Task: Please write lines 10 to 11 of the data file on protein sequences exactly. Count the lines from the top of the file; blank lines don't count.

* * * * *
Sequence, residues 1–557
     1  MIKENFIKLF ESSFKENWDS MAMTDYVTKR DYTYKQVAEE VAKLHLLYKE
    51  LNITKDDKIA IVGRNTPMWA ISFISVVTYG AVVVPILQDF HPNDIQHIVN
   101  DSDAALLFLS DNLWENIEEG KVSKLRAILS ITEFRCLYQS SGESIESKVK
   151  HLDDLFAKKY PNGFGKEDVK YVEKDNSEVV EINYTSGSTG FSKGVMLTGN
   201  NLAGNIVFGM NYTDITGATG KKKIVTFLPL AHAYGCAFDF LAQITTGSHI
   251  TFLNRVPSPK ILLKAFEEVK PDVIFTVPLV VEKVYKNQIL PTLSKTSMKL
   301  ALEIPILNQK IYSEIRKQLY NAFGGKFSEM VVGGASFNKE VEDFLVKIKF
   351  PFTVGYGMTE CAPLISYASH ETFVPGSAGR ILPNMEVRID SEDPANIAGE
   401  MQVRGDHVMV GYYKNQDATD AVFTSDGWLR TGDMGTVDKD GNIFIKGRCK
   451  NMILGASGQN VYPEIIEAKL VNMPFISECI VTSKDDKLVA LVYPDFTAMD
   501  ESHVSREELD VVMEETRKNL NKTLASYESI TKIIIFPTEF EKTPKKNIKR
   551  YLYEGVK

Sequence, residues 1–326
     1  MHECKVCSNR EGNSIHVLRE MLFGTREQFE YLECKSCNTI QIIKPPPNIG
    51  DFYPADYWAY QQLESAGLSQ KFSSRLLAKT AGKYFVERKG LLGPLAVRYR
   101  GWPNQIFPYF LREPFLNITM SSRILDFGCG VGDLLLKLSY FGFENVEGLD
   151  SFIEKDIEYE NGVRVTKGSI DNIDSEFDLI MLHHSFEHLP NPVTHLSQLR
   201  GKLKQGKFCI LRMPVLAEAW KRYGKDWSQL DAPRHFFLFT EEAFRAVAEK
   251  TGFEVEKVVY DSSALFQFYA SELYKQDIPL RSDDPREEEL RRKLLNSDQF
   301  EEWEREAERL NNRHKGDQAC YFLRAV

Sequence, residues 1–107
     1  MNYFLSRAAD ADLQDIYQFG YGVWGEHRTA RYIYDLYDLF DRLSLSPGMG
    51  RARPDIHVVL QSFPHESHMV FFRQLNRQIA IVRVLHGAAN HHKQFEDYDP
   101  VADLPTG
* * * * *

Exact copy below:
   401  MQVRGDHVMV GYYKNQDATD AVFTSDGWLR TGDMGTVDKD GNIFIKGRCK
   451  NMILGASGQN VYPEIIEAKL VNMPFISECI VTSKDDKLVA LVYPDFTAMD